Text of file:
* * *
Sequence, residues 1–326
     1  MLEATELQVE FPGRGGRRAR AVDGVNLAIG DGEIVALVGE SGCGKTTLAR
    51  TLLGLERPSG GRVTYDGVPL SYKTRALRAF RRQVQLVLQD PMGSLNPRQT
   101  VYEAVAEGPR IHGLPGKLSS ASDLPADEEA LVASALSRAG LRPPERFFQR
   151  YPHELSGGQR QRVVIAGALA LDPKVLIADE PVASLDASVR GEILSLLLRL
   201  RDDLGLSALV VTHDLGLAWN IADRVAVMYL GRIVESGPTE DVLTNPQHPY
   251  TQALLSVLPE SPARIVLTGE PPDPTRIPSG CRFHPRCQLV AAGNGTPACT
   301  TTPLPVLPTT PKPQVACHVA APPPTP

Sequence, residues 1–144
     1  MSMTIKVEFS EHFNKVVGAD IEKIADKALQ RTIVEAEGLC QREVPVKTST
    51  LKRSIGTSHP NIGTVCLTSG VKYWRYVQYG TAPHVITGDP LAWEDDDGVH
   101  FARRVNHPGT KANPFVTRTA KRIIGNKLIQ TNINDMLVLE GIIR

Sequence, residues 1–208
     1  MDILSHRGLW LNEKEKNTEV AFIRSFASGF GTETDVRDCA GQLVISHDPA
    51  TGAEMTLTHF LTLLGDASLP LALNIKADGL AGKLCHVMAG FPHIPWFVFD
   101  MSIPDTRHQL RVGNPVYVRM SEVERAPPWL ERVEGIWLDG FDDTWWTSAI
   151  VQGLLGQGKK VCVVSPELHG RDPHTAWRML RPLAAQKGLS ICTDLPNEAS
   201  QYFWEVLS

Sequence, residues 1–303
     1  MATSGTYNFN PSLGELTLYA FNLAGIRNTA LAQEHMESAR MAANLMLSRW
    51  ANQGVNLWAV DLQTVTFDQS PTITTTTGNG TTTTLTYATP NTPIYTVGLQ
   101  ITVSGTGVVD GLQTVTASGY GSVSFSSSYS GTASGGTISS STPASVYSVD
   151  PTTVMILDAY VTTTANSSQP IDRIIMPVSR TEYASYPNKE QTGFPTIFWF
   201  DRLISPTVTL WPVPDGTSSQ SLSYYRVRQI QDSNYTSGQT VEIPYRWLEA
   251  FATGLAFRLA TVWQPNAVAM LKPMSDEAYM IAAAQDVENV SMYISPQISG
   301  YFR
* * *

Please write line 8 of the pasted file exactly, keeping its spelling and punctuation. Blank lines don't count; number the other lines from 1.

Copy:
   301  TTPLPVLPTT PKPQVACHVA APPPTP